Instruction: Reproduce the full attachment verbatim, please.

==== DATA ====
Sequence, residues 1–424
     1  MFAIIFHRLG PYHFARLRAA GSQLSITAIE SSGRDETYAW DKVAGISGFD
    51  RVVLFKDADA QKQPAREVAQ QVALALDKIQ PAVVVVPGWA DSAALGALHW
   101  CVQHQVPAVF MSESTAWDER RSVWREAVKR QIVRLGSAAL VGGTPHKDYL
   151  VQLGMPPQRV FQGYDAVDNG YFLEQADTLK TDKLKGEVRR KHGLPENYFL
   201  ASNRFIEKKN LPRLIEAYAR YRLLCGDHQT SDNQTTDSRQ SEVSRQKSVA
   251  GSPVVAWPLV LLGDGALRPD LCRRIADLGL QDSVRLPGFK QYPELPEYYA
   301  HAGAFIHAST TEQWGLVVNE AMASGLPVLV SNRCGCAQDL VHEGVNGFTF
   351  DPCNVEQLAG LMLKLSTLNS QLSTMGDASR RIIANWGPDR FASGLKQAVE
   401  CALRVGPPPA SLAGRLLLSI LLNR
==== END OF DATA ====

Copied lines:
Sequence, residues 1–424
     1  MFAIIFHRLG PYHFARLRAA GSQLSITAIE SSGRDETYAW DKVAGISGFD
    51  RVVLFKDADA QKQPAREVAQ QVALALDKIQ PAVVVVPGWA DSAALGALHW
   101  CVQHQVPAVF MSESTAWDER RSVWREAVKR QIVRLGSAAL VGGTPHKDYL
   151  VQLGMPPQRV FQGYDAVDNG YFLEQADTLK TDKLKGEVRR KHGLPENYFL
   201  ASNRFIEKKN LPRLIEAYAR YRLLCGDHQT SDNQTTDSRQ SEVSRQKSVA
   251  GSPVVAWPLV LLGDGALRPD LCRRIADLGL QDSVRLPGFK QYPELPEYYA
   301  HAGAFIHAST TEQWGLVVNE AMASGLPVLV SNRCGCAQDL VHEGVNGFTF
   351  DPCNVEQLAG LMLKLSTLNS QLSTMGDASR RIIANWGPDR FASGLKQAVE
   401  CALRVGPPPA SLAGRLLLSI LLNR